ISSN (Online) - 2349-8846

Special ArticlesSubscribe to Special Articles

Between Daughter Deficit and Development Deficit

Drawing on research in Namakkal District in Tamil Nadu on the Kongu Vellala Gounder community, which has a history of daughter elimination, it can be seen that the effects of daughter deficit unfold, not in isolation, but amid changing economic processes, development gains made by women, and shortcomings among men in marriage. These are evident in women's bargaining position in negotiating marriage. Whether daughter deficit increases violence against women or enhances their value depends on its interaction with development processes, gender inequality, and successful challenges to traditional gender norms.

Rural Credit Cooperatives in Maharashtra

Examining the different phases of growth and distribution of cooperative credit in Maharashtra between the 1960s and 2000s, this paper tries to understand the multiple dimensions of the phenomenon in the state—across regions, crops, ownership and size classes of land, and social groups. Although Maharashtra has been leading in the expansion of credit cooperatives, this has been marked by a distinct bias in favour of Western Maharashtra where cash crops, particularly sugar cane are grown. The process has largely eluded Eastern and Central Maharashtra, where cotton and other crops are grown.

Catastrophic Failure of Public Trust in Mining

Minerals are a commons, held by state governments in public trust for the people, especially for future generations. With mining, states dispose of minerals for money, and have so far lost more than half their value. As this study shows, over the last eight years of iron ore mining in Goa, each family of four in the state has lost the equivalent of Rs 13.51 lakh, while the average Goan private household's assets are estimated to be Rs 10.44 lakh. This is catastrophic.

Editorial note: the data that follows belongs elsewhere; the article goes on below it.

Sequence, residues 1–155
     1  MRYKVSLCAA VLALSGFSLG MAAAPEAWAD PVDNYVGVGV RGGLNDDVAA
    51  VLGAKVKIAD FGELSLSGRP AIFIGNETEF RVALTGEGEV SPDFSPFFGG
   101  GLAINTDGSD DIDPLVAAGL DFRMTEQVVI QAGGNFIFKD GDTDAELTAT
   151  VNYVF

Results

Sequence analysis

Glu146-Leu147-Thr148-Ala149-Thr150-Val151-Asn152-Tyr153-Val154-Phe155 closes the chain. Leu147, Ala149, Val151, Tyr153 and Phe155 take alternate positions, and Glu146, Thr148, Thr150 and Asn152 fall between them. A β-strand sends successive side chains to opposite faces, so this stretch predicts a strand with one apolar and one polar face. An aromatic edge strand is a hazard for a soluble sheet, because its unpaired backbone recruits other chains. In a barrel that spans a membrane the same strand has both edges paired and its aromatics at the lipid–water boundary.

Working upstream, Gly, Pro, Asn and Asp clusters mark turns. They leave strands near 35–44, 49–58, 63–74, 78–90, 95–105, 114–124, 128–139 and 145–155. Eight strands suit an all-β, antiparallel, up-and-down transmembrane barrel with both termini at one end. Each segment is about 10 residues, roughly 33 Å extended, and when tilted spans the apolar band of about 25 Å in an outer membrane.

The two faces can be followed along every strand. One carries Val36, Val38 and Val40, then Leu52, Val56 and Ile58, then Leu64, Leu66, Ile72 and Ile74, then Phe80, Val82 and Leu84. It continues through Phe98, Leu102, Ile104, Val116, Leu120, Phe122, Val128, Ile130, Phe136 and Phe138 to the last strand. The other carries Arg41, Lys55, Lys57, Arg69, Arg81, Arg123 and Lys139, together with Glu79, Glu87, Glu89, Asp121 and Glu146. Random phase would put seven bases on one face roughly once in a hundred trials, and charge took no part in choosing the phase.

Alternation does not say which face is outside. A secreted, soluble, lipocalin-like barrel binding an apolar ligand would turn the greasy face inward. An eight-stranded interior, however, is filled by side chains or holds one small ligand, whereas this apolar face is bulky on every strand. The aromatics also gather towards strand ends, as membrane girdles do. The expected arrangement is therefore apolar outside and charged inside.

Non-linear Relationship between Inflation and Growth in Developing Countries

While the orthodox consensus is that there is no trade-off between inflation and output in the long run, there is no unanimity on the short-run effect of inflation on economic growth. We attempt to estimate the non-linear relationship between inflation and economic growth for 54 developing countries over the 1971-2010 period. Our results suggest a positive association between inflation and gross domestic product growth up to a rough inflation threshold; we did this separately for Asia, Latin America and the Caribbean, and Sub-Saharan Africa. The threshold rate of inflation is found to be 23.5% for Latin America and the Caribbean, approximately 11% for Asia, and 23.6% for Sub-Saharan Africa. These results have important policy implications for developing countries, which often struggle to find the right balance between low inflation and high economic growth.

Mergers and Acquisitions of Banks in Post-Reform India

A major perspective of the Reserve Bank of India's banking policy is to encourage competition, consolidate and restructure the system for financial stability. Mergers and acquisitions have emerged as one of the common methods of consolidation, restructuring and strengthening of banks. There are several theoretical justifications to analyse the M&A activities, like change in management, change in control, substantial acquisition, consolidation of the firms, merger or buyout of subsidiaries for size and efficiency, etc. The objective here is to examine the performance of banks after mergers. The hypothesis that there is no significant improvement after mergers is accepted in majority of cases--there are a few exceptions though. Therefore, the strategy of M&A to consolidate banks for purposes of efficiency seems flawed. Future banking policy must take note of this empirical reality and long-drawn experience of the past two decades.